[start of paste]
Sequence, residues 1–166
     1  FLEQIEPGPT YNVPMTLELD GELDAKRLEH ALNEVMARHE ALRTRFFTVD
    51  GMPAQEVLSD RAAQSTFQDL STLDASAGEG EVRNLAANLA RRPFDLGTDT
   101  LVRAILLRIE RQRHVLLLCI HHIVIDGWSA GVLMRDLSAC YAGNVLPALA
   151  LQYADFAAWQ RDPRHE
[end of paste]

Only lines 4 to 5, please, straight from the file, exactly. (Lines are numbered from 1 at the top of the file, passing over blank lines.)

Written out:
   101  LVRAILLRIE RQRHVLLLCI HHIVIDGWSA GVLMRDLSAC YAGNVLPALA
   151  LQYADFAAWQ RDPRHE